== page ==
Pa. fisher population on the rise
TribLIVE Sports Videos
A lot of wildlife species once all but gone from Pennsylvania have come back over the years.
Coyote populations have exploded. Black bear and turkey numbers have improved dramatically. Eagles and ospreys are back.
Now, you can add fishers to the list.
"We've seen a rather dramatic expansion of fisher populations in recent years," said Matt Lovallo, furbearer biologist for the Pennsylvania Game Commission.
Sightings, incidental captures of fishers by trappers pursuing other species, and observations of fishers by hunters have all increased, he said. As a result, the commission's still-developing fisher management plan will call for them to eventually be a game species, Lovallo said.
"It should surprise no one that that plan will include fisher seasons," Lovallo said. "Such seasons are liberal and widespread in other states."
Tom Boop of Northumberland County, president of the Game Commission, seemed glad to hear that.
"I'm hearing a lot of concern from sportsmen about fisher predation on squirrels and turkeys," he said.
The Game Commission has radio collars on 22 fishers -- 10 males and 12 females -- on game lands 26 in Cambria County, Lovallo said. He's hoping that project will tell him more about fishers' dietary preferences, he said.
In the meantime, though, he agreed that fishers are very adept at climbing trees and could impact squirrel populations in localized areas. They're capable of taking porcupines, too, though, and will prey on raccoons, goshawks and other birds, a limited number of fawns, and even domestic pets if given the chance.
"Fishers are opportunistic, omnivorous and aggressive," Lovallo said. "We should never underestimate its prowess as a predator in Pennsylvania's forest ecosystems."
Very few things -- other than perhaps bears, coyote or man -- prey on fishers, however, which is why the day when a fisher season will be necessary is fast approaching, Lovallo said.
Members of the weasel family, dark in color and about the size of house cats -- they stretch between 30 and 47 inches from nose to tail and weigh from four to 12 pounds -- fishers were common in Pennsylvania when the first European settlers arrived. They disappeared when the forests they need to survive were clearcut, however.
They started showing up in Pennsylvania again in the 1970s when migrants from a reintroduction program begun in West Virginia moved north. Pennsylvania released 190 fishers of its own in the northcentral part of the state in 1990.
If there's one species that could suffer from that expansion of fisher populations, it's the bobcat. Both compete for the same prey, so studies have shown that where fishers increase, bobcats can often decrease, Matt Lovallo said.
Show commenting policy
TribLive commenting policy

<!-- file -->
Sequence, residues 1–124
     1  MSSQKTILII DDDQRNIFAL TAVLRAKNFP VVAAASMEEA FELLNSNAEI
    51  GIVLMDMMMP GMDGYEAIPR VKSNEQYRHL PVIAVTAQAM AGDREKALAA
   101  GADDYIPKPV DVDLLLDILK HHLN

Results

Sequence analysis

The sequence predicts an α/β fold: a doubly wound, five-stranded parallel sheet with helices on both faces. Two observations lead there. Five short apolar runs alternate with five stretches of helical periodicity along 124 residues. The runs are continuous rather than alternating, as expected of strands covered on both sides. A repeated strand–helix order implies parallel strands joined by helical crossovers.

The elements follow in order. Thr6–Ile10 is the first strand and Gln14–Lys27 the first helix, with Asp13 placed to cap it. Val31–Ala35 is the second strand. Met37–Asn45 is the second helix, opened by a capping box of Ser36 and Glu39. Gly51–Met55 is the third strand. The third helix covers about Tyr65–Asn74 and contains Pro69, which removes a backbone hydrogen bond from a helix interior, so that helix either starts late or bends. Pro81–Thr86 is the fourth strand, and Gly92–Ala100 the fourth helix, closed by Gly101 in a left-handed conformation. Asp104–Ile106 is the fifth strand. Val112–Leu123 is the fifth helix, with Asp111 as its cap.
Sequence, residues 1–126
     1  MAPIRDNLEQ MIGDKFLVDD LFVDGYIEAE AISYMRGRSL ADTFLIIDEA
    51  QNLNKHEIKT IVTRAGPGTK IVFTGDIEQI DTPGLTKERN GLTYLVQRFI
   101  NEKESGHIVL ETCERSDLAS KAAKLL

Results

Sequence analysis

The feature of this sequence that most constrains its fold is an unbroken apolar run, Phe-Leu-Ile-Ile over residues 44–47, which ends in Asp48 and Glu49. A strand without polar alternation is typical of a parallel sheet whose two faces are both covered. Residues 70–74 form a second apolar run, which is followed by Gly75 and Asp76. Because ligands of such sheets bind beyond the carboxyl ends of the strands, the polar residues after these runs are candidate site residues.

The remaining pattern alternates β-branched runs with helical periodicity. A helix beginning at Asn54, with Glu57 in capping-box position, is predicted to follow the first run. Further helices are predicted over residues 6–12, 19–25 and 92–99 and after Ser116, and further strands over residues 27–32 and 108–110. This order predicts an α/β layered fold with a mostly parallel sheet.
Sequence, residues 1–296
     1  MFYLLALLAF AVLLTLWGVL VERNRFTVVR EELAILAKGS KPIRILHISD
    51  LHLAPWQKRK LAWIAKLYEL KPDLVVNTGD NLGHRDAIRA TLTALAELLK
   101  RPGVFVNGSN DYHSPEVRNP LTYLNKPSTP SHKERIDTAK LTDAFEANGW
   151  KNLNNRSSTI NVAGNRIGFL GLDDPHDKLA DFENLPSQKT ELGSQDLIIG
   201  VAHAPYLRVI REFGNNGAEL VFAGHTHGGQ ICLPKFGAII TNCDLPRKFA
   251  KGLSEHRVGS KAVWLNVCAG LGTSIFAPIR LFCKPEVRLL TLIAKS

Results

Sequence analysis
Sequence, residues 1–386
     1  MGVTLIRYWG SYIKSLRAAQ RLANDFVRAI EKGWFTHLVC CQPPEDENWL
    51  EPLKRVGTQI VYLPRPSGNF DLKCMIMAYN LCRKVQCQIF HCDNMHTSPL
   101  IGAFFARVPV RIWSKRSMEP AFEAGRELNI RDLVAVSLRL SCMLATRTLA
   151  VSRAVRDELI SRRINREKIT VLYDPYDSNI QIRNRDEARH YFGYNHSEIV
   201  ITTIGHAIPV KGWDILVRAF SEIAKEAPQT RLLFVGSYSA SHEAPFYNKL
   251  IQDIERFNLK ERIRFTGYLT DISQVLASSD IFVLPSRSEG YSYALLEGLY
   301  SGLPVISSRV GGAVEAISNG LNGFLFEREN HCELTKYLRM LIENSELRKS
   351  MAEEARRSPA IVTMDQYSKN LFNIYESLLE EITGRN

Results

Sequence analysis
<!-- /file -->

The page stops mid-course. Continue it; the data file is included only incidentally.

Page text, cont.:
You are solely responsible for your comments and by using TribLive.com you agree to our Terms of Service.
We moderate comments. Our goal is to provide substantive commentary for a general readership. By screening submissions, we provide a space where readers can share intelligent and informed commentary that enhances the quality of our news and information.
While most comments will be posted if they are on-topic and not abusive, moderating decisions are subjective. We will make them as carefully and consistently as we can. Because of the volume of reader comments, we cannot review individual moderation decisions with readers.
We value thoughtful comments representing a range of views that make their point quickly and politely. We make an effort to protect discussions from repeated comments either by the same reader or different readers.
We follow the same standards for taste as the daily newspaper. A few things we won't tolerate: personal attacks, obscenity, vulgarity, profanity (including expletives and letters followed by dashes), commercial promotion, impersonations, incoherence, proselytizing and SHOUTING. Don't include URLs to Web sites.
We do not edit comments. They are either approved or deleted. We reserve the right to edit a comment that is quoted or excerpted in an article. In this case, we may fix spelling and punctuation.
We welcome strong opinions and criticism of our work, but we don't want comments to become bogged down with discussions of our policies and we will moderate accordingly.
We appreciate it when readers and people quoted in articles or blog posts point out errors of fact or emphasis and will investigate all assertions. But these suggestions should be sent via e-mail. To avoid distracting other readers, we won't publish comments that suggest a correction. Instead, corrections will be made in a blog post or in an article.
- Pitt falls flat in finale loss to Miami
- Absenteeism high on first day back after Peters Township teacher strike
- Body found in Allegheny River in Harrison
- 3 police hurt in shooting near Colo. Planned Parenthood clinic; gunman loose
- Indiana County school employee allegedly showed 2 students an inappropriate photo
- Chief justice revokes Feudale’s senior judge status
- So Many Questions: ‘Girlfriends’ Guide to Divorce’ actress says breaking up is rarely easy
- Steelers notebook: Linebacker Timmons hoping for contract extension
- 5 hospitalized when family’s SUV runs off Route 51 in Rostraver
- 5 injured in Route 51 crash in Rostraver
- School lunch group hopes to revise rules it calls impractical, too restrictive